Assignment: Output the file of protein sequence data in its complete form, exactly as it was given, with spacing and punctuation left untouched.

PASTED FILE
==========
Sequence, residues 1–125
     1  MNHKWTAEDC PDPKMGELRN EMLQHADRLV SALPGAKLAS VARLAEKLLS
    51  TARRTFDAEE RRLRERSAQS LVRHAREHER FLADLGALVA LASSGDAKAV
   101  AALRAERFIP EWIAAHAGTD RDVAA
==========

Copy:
Sequence, residues 1–125
     1  MNHKWTAEDC PDPKMGELRN EMLQHADRLV SALPGAKLAS VARLAEKLLS
    51  TARRTFDAEE RRLRERSAQS LVRHAREHER FLADLGALVA LASSGDAKAV
   101  AALRAERFIP EWIAAHAGTD RDVAA